Do Gasoline and Meaningful Climate Policy Mix?

By Woody Hastings

As regular readers of the Gazette may recall,an article about a huge gas station proposed for Highway 116 and Stony Point Road was featured in the April edition. That article by Jenny Blaker helped spark a community uprising that culminated on July 8 with the developer withdrawing the application. Many people and organizations were instrumental in this success both before and after the April Gazette article, and we thank them all.

While we are celebrating the termination of that proposal, we remain concerned about two other gas station proposals. One of them, in Petaluma, has been permitted by that city, and is now being fought in court. It is a David v. Goliath struggle being waged by the “No Gas Here” coalition against the huge corporate developer, Safeway. The other, at Highway 12 and Llano Road, is wending its way through the Sonoma County permitting process. In this case there is still an opportunity for the community to weigh in.

The proposed station at Highway 12 and Llano Road is in unincorporated Sonoma County, just east of Sebastopol, smack dab in the middle of the Laguna de Santa Rosa with gasoline fueling, carwash, and minimart, all on a well. In no way does the applicant make a case that this project is necessary. That is because it is not necessary. There are 7 stations within a 5-mile radius of the project address, 5300 Sebastopol Road.

The City Council of Sebastopol, to their credit, wrote a letter unequivocally opposing the project on the grounds that it is in a rural area that functions as a community separator with historically agricultural and rural residential uses and that the project is in conflict with countywide commitment to city-centered growth. They also cited concerns about traffic congestion and adjacency to the Joe Rodota trail. The city requested to be kept apprised of the development and that request has not been honored.

Add to that the fact that the proposal is in a priority groundwater basin and underground fuel storage tanks are always at risk of leaking. The location is in the Laguna de Santa Rosa within California tiger salamander Critical Habitat. There are plenty of other reasons to have concerns.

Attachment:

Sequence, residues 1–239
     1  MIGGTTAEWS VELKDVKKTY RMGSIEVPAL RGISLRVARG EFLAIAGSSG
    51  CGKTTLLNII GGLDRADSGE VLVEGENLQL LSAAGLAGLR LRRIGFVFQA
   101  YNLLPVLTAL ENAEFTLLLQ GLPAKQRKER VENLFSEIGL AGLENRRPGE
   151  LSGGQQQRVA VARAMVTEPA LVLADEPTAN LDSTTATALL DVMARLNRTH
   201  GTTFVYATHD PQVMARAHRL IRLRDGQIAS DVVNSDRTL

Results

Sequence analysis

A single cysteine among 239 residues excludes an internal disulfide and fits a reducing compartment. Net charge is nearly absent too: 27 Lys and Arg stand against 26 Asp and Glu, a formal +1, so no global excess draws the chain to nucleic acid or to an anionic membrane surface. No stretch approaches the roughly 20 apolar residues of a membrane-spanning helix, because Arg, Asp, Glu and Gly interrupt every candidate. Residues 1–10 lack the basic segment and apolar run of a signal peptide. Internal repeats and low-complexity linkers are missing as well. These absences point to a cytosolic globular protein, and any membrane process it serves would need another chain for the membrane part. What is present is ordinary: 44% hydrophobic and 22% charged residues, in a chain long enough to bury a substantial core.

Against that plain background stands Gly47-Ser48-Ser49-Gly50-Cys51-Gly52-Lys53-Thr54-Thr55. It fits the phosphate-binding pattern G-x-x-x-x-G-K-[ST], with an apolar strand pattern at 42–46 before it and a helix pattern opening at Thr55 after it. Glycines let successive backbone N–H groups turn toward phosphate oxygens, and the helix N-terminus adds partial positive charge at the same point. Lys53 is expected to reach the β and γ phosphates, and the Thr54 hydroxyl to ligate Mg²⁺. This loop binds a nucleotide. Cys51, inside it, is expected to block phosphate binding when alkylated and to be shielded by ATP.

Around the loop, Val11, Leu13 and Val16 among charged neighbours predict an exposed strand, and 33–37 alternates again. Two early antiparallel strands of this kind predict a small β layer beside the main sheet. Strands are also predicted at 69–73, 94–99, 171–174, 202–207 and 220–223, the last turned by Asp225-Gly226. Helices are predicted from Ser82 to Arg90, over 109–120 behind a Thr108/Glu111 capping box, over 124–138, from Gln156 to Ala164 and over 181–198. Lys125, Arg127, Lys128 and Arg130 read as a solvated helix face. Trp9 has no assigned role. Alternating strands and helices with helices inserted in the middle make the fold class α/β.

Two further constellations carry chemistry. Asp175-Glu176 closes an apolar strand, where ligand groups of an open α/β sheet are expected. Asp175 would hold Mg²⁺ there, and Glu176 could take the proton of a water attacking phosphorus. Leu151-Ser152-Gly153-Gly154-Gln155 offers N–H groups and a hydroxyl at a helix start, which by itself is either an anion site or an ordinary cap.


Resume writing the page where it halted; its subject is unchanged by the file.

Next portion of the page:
But the real zinger is this, Sonoma County has a well-established record of commitments in response to the climate crisis stretching back nearly two decades to 2002 with a resolution committing the County to reduce greenhouse gases from internal operations. This was followed with further actions in 2005, 2006, and 2008. Then in 2009 the County and all nine cities formed the Regional Climate Protection Authority to coordinate countywide climate protection efforts. Most recently, in 2018, the County adopted the “Climate Change Action Resolution” to pursue local actions that support goals including “encourage a shift toward low-carbon fuels in vehicles and equipment” and to “switch equipment from fossil fuel to electricity” -https://rcpa.ca.gov/ . Our County leaders appear to be committed, and rightly so, to meaningfully and effectively responding to the climate crisis.

Now it is 2019 and in Sonoma County we are facing new gasoline station proposals. How is this possible in a County with such a commitment to responding to the climate crisis? Permitting new gasoline stations makes a mockery of these past efforts.

The main problem we have here is an outdated 20th century county permitting process in a rapidly changing 21st century where we are facing ever more obvious consequences of two centuries of fossil fuel burning. The rules need to be changed. All of these applicants are jumping through the permitting hoops they have been asked to jump through and in doing so, according to the rules, once permitted, should arguably be able to build their soon-to-be obsolete fueling stations. But in order to be consistent with existing County climate and clean energy policy, these proposals must be denied. In fact, the effective result of the policies that have been adopted by Sonoma County since 2002 should, if taken seriously, result in a prohibition of the construction of any new fossil energy-based facilities or infrastructure in Sonoma County unless some kind of clear community need is demonstrated.

In the wake of Petaluma City Council’s reluctant vote to permit the station in their city, they instituted a temporary moratorium on any new gas stations that “would allow for a period of consideration and discussion regarding options for potential new legislation regarding new gas station uses.”

This is a call that a similar moratorium be instituted by the Sonoma County Board of Supervisors for any proposals not already filed. Further, until the permitting process as it relates to fossil energy infrastructure is overhauled, all new gasoline station proposals in Sonoma County, that in the normal process might be approved at a sub-Supervisorial level, be brought before the full Board of Supervisors.

The time to speak up is now. Submit comments to the appropriate parties:

The Highway 12/Llano Road proposal will next be considered at the Board of Zoning Adjustments. It could come up as soon as August 8. Send Comments to: Daniel Hoffman dhoffman@migcom.com and arielle.kohn@sonoma-county.org and copy your County Supervisor and Supervisor Lynda Hopkins of District 5, where the project is located: lynda.hopkins@sonoma-county.org For more info visit: https://sonomacounty.ca.gov/Board-of-Zoning-Adjustments/

For more info and to find out how to help stop the construction of new gas stations in Sonoma County, contact woodyhastings@gmail.com 707-829-3460

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